Tuesday, June 28, 2011

"The Good Witch Must Also Die", by William Perkins (1558-1602)

William Perkins died in 1602 at the age of 44. He was an influential Calvinist theologian and a leader of the Puritan movement inside the Church of England. Perkins was a prolific writer, and his books sold extremely well not only in England, but throughout the Western world.

The text of the following sermon was included in several editions of Perkins' Collected Works that appeared after his death. It is part of a longer (55 pages) piece that was published under the full title:
"A DISCOURSE OF THE DAMNED ART OF WITCHCRAFT; SO FARRE forth as it is revealed in the Scriptures, and manifest by true experience. FRAMED AND DELIVERED BY M. WILLIAM PERKINS, IN HIS ORDINARIE COURSE of Preaching, and published by THOMAS PICKERING Batchelour of Divinitie, and Minister of Finchingfield in Essex. Printed by CANTRELL LEGGE, Printer to the Universitie of Cambridge. 1618."
The earliest edition of this title (apparently) was in 1608, also published by Cantrell Legge of Cambridge. The year 1608 is often given as the date of the work itself, although this is six years after the death of the author. Here is a link to the full text at the Cornell University Witchcraft Collection.

Be warned. It is unspeakably evil.

The good Witch is he or shee that by consent in a league with the deuill, doth vse his helpe, for the doing of good onely. This cannot hurt, torment, curse, or kill, but onely heal and cure the hurts inflicted upon men or cattell, by badde Witches. For as they can doe no good, but onely hurt; so this can doe no hurt, but good onely. And this is that order which the deuill hath set in his kingdom, appointing to seuerall persons their seuerall offices and charges. And the good Witch is commonly tearmed the vnbinding Witch.

Now howsoeuer these both be euil, yet of the two, the more horrible & detestable Monster is the good Witch, for look in what place soeuer ther be any bad Witches that hurt onely, there also the deuill hath his good ones, who are better known than the bad, beeing commonly called Wisemen, or Wise-women. These will appear by experience in most places in these countries. For let a mans childe, friend, or cattell be taken with some sore sickness, or strangely tormented with some rare and vnknown disease, the first thing he doth, is to bethink himselfe and inquire after some Wiseman or Wise-woman, & thither he sends and goes for helpe. When he comes, he first tells him the state of the sicke man; the Witch then beeing certified of the disease, prescribeth either Charmes of words to be vsed ouer him, or other such counterfeit meanes, wherein there is no cure, if it come by Witchcraft. Well, the meanes are receiued, applied, and vsed, the sicke partie accordingly recouereth, and the conclusion of all is, the vsual acclamation; Oh happie is the day, that euer I met with such a man or woman to helpe me!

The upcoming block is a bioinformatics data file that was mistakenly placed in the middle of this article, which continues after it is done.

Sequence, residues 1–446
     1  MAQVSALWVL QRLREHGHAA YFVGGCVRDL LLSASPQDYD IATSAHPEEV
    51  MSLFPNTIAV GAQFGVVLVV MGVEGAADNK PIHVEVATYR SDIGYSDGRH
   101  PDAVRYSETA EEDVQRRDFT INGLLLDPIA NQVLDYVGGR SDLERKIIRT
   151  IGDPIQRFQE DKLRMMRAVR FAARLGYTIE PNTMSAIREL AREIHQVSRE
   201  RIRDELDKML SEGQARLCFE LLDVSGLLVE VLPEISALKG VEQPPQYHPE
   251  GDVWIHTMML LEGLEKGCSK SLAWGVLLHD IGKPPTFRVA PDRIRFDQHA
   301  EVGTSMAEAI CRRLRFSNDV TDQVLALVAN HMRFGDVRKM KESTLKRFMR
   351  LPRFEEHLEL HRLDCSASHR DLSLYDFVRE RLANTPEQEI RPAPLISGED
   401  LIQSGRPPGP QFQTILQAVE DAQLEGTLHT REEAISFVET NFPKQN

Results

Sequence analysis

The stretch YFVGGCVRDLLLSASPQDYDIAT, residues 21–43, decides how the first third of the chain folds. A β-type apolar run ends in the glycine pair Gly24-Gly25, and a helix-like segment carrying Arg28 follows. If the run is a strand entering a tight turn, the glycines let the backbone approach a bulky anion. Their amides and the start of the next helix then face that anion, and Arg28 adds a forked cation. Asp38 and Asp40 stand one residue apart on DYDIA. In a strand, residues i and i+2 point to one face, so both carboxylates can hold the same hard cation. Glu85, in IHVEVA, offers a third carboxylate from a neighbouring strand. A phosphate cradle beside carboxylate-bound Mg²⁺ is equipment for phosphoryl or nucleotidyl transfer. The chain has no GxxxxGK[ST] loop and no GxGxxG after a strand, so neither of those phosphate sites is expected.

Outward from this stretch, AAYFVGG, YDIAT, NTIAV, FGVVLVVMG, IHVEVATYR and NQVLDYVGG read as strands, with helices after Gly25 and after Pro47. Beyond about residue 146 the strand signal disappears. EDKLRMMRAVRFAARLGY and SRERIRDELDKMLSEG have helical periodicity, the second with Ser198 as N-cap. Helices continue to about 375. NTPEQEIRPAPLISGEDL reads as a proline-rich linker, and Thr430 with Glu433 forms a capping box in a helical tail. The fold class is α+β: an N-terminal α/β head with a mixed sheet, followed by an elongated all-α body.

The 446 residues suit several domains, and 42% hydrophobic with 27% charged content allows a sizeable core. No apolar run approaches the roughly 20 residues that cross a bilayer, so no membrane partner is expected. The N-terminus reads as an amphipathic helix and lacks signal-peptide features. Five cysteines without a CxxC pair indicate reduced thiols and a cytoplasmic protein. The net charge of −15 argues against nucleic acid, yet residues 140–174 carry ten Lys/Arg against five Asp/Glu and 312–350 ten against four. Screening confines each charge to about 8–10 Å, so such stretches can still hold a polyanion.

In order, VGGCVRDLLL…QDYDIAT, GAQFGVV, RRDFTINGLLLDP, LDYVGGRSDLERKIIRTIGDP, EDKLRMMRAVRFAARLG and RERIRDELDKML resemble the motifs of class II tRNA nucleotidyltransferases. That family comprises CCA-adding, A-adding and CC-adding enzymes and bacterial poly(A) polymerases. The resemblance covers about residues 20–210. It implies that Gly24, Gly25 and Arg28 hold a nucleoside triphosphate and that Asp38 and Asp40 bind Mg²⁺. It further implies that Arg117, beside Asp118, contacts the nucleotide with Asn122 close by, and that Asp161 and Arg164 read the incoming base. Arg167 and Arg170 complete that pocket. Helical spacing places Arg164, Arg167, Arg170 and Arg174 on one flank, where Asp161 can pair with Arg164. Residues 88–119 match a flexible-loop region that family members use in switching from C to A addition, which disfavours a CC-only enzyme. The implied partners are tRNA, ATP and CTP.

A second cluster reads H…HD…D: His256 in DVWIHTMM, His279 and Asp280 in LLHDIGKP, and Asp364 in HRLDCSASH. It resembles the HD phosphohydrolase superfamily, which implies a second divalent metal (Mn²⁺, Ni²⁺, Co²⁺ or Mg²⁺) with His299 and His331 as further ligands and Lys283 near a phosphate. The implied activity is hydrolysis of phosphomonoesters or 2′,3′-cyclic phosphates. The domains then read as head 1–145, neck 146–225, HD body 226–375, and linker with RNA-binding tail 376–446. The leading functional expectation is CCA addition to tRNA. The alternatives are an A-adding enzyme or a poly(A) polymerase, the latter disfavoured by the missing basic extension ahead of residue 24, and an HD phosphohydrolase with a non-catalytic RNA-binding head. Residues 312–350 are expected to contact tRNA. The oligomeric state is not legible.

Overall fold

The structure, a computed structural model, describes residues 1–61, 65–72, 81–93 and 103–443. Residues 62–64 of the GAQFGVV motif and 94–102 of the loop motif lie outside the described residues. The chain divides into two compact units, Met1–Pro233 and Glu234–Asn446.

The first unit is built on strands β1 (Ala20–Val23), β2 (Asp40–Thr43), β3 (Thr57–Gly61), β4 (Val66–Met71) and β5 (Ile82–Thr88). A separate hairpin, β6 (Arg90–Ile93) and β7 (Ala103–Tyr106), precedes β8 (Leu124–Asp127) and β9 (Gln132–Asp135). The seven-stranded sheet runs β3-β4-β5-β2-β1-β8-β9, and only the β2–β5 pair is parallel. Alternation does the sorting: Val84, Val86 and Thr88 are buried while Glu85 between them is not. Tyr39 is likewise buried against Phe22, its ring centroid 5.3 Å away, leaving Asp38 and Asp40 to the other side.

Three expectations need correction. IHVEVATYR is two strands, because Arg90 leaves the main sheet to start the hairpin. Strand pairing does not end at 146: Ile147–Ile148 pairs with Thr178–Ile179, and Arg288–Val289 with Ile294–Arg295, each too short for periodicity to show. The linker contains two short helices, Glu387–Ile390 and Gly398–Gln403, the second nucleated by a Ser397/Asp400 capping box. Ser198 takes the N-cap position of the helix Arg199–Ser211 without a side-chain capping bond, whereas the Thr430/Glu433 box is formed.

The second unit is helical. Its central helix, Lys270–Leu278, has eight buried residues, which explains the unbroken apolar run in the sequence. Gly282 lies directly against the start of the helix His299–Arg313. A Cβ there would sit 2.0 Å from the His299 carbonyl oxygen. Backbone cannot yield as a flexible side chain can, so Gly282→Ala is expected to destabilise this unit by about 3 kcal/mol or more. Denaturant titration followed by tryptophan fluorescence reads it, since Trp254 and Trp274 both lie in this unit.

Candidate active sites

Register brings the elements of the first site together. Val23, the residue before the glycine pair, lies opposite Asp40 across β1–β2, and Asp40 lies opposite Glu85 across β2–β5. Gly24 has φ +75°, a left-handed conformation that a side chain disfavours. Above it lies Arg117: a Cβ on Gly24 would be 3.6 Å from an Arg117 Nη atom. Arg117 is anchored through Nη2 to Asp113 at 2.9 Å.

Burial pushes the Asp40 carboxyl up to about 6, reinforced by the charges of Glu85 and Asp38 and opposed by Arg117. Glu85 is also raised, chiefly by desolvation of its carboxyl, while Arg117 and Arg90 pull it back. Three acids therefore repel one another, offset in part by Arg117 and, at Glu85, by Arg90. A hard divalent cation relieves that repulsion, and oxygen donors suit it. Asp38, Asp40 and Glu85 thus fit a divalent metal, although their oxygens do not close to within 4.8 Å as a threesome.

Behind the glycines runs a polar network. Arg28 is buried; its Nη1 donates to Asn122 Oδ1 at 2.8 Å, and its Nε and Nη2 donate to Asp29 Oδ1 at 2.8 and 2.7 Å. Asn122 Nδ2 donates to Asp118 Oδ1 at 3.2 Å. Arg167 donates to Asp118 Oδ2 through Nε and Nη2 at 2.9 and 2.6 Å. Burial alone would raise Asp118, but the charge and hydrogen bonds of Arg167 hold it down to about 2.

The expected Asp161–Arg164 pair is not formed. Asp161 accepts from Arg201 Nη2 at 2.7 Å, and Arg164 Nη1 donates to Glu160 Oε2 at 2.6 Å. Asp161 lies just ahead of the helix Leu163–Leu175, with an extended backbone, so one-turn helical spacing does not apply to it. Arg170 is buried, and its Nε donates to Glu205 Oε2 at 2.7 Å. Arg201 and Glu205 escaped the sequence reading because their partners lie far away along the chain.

[Taken from Chapter Five, on page 638 of the 1618 Cambridge edition of the Collected Works of William Perkins.]

"The Good Witch Must Also Die"

"In the name of the Father, the Son, King Arthur, and Queen Elspeth."

The first Witchcraft trial in Scotland for which the "dittay" (indictment) has been preserved largely intact, is that of Janet Boyman in 1572. (Variations on her name are Janet Bowman and Jonet Boyman.) The documentary evidence leaves no room for doubt that this accused Witch was someone sought after for her abilities as a healer.
"Jonet Boyman of Canongate, Edinburgh, accused in 1572 of witchcraft and diabolic incantation, the first Scottish trial for which a detailed indictment has so far been found. Indeed, it is one of the richest accounts hitherto uncovered for both fairy belief and charming, suggesting an intriguing tradition which associated, in some way, the fairies with the legendary King Arthur. At an 'elrich well' on the south side of Arthur's Seat, Jonet uttered incantations and invocations of the 'evill spreits quhome she callit upon for to come to show and declair' what would happen to a sick man named Allan Anderson, her patient. She allegedly first conjured 'ane grit blast' like a whirlwind, and thereafter appeared the shape of a man who stood on the other side of the well, and interesting hint of liminality. She charged this conjured presence, in the name of the father, the son, King Arthur and Queen Elspeth, to cure Anderson. She then received elaborate instructions about washing the ill man's shirt, which were communicated to Allan's wife. That night the patient's house shook in the midst of a huge, and incomprehensible ruckus involving winds, horses and hammering, apparently because the man's wife did not follow the instructions to the letter. On the following night the house was plagued by a mighty din again, caused, this time, by a great company of women."
[Scottish Fairy Belief by Lizanne Henderson and Edward J. Cowan (2001) 127-128.]

For more on Jonet Boymen, also see P.G. Maxwell-Stuart's Satan's Conspiracy: Magic and Witchcraft in 16th Century Scotland (2001), pp. 62-66.